I beleive the Bible to be the word of God as far as it is translated, copied, and interpreted correctly. In the course of my studies of the Bible, I've discovered that it has a long and convoluted history. So, these are my discoveries and my musings of Christian history and doctrines.

Location: Oklahoma City, Oklahoma, United States

Saturday, May 07, 2005

Differences in Daniel 2:43

Those who are conversant in two or more languages know for a fact that there are just some words or phrases that just do not translate well into other languages. In fact, a word from one language may not even exist in another language. How do you translate that?

Today there are many different translations of the Holy Bible, and not all of them are the same for every single verse contained in the Bible. I, personally, own seven different translations of the Bible. I have what is the traditional Bible for many Americans - the King James Version. I also have a Parallel Bible (The Complete Parallel Bible with the Apocryphal/Deuterocanonical Books (New York, Oxford University Press, 1993)) that contains the New Revised Standard Version, the Revised English Bible, the New American Bible, and the New Jerusalem Bible displayed in parallel columns next to each other to facilitate comparison between the four. I also own a Bible in Spanish, and the Hebrew Tanakh with it's own English Translation. An example of different translations giving different meanings to the same verse is shown below for the scripture of Daniel 2:43.

King James

"And whereas thou sawest iron mixed with miry clay, they shall mingle themselves with the seed of men: but they shall not cleave to one another, even as iron is not mixed with clay."
New Revised Standard
"As you saw the iron mixed with clay, so will they mix with one another in marriage, but they will not hold together, just as iron does not mix with clay."
Revised English
"As in your vision the iron was mixed with the clay, so will there be a mixing of families by intermarriage, but such alliances will not be stable: iron does not mix with clay."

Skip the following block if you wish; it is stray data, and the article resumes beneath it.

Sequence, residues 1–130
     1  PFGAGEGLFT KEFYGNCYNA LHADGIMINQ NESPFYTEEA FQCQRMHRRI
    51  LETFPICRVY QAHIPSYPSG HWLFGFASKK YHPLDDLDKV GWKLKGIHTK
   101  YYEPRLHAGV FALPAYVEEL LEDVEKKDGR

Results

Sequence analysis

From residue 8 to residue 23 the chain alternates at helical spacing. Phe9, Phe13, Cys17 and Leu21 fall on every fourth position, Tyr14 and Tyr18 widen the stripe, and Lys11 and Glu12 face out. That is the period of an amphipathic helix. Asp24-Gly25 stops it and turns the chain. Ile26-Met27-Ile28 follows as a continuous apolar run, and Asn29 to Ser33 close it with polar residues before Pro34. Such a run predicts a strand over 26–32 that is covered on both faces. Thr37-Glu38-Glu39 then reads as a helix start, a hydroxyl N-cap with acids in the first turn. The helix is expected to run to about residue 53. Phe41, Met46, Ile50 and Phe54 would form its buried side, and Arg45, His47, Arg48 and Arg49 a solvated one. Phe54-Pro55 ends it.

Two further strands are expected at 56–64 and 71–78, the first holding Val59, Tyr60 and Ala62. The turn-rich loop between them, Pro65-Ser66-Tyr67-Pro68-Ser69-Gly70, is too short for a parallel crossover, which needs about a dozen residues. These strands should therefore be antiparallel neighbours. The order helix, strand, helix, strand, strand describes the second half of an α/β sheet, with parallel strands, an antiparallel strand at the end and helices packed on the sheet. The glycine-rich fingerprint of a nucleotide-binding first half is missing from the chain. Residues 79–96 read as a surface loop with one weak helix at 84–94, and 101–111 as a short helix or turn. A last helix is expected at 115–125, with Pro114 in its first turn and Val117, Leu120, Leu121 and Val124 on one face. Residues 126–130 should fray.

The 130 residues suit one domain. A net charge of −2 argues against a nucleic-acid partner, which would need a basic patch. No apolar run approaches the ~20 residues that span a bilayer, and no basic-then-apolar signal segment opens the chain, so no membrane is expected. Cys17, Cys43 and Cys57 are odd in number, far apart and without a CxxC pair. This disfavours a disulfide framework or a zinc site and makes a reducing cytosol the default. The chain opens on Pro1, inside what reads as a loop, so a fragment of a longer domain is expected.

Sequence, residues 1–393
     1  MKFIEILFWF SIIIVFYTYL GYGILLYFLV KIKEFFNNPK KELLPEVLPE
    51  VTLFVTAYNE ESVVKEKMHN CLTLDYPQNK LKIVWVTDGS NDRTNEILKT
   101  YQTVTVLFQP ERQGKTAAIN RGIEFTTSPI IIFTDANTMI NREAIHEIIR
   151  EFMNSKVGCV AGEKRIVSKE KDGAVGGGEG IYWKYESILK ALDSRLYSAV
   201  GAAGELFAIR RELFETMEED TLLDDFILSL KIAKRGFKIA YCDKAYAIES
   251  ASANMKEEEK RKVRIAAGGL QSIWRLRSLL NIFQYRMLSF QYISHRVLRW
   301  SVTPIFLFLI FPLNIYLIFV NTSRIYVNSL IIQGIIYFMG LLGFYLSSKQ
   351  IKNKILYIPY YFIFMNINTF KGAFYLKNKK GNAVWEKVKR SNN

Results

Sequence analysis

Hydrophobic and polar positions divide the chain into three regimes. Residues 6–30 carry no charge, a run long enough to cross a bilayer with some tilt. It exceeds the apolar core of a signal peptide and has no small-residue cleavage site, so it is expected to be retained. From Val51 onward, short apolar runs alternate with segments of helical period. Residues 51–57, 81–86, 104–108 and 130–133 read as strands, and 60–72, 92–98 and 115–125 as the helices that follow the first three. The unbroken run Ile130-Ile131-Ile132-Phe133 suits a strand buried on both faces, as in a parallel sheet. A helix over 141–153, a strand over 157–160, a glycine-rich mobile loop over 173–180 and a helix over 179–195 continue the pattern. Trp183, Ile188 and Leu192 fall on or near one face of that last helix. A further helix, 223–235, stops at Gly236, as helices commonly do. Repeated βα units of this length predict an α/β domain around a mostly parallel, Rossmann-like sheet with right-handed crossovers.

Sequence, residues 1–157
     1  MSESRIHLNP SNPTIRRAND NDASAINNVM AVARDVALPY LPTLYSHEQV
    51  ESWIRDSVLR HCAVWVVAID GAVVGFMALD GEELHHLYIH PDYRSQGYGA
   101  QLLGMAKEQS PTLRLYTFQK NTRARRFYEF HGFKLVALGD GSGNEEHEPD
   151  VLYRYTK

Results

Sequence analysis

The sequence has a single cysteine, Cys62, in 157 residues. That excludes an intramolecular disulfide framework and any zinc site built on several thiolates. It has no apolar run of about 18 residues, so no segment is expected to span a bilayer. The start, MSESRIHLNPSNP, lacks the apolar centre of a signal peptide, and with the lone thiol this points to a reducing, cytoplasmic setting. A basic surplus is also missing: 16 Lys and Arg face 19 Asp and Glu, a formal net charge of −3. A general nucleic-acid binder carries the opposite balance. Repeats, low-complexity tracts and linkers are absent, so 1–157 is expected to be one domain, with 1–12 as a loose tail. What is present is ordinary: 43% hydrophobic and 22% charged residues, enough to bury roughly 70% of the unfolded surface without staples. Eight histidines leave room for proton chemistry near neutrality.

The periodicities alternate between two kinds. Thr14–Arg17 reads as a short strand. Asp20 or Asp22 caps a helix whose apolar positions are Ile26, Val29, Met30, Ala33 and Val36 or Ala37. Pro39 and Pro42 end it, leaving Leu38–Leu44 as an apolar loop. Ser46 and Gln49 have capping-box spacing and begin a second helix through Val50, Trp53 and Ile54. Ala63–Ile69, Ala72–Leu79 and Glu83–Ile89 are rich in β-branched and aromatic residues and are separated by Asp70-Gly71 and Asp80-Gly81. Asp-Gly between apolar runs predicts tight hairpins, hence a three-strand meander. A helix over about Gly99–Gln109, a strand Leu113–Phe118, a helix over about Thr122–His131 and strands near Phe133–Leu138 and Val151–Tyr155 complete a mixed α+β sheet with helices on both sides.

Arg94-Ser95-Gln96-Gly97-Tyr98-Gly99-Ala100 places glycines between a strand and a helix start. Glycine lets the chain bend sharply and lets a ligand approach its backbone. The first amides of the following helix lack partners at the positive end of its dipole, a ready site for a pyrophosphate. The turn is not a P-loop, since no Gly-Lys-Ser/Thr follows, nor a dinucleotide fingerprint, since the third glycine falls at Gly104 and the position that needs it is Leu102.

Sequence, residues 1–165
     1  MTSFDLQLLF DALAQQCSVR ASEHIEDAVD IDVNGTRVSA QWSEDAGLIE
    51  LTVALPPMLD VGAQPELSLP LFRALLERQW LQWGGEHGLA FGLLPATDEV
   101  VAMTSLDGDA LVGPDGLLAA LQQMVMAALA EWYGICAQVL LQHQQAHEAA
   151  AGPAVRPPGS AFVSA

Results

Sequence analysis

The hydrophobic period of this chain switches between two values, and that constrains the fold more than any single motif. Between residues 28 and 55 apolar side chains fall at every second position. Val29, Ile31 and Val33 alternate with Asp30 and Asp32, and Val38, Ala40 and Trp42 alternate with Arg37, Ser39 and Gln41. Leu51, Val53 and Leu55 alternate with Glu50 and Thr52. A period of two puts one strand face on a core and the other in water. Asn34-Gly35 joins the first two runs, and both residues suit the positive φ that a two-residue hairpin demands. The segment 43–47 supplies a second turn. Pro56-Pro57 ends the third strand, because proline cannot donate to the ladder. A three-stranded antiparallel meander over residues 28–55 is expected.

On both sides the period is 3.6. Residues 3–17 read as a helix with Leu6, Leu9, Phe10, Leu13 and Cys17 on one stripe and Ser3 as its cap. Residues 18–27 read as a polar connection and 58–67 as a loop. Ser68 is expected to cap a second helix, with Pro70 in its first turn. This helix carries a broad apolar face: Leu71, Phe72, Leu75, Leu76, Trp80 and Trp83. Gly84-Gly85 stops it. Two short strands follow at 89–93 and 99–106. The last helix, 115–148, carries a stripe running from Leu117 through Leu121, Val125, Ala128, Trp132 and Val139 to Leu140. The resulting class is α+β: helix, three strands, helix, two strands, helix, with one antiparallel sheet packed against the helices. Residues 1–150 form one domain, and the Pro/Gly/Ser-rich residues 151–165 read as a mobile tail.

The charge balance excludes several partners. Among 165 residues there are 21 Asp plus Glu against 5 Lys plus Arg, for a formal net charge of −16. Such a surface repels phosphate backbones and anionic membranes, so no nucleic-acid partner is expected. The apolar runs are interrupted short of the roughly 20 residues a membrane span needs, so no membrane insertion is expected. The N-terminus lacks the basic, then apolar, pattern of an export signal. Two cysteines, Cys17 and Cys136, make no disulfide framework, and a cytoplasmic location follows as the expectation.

New American
"The iron mixed with clay tile means that they shall seal their alliances by intermarriage, but they shall not stay united, any more than iron mixes with clay."
New Jerusalem
"And just as you saw the iron and the clay of the earthenware mixed together, so the two will be mixed together in human seed; but they will not hold together anymore than iron will blend with clay."
When I first read that verse in the King James Version, I had no clue as to what it’s meaning was. A wild guess on my part was that some king would try to mingle with the common masses and try to develop a good rapport with them, but would be unsuccessful in his public relations efforts. In reading the other translations, however, I realized that it probably means that members of royalty from one country would marry with royalty from other countries in an effort to create stable alliances between kingdoms. As you can see, that’s a very significant difference in understanding! At any rate, to properly understand verses like this would require a Ph.D. in language and have deep historic insights into the culture. The normal Joe doesn’t have that kind of learning, which takes a lifetime to gain. And even then, those who do have that kind of education can’t even agree amongst themselves on many points. So, what’s a person to do?

Also, in reading the Parallel Bible, I discovered that in some cases entire sections of verses were either rearranged in their order, or missing entirely in one or more versions, but not in the others!

Not only that, but, according to historians, the Book of Matthew and John was originally written in Aramaic, but is only known today to exist in Greek, from which we get our English Translation. There you have double the potential for a mistranslation.


Blogger Mary A said...

It's interesting to contemplate the difficulties of translation and how they affect the end result. I think it's good to read more than one translation because you can get a better idea of the meaning, as you illustrated. And if you're able to read another language version, you can get even more understanding of the possibilities. Whether it's various translations or commentaries, the more information we can gather, the better we can understand. Your posts are good, Scott, and bring up lots to ponder!

3:31 AM  

Post a Comment

<< Home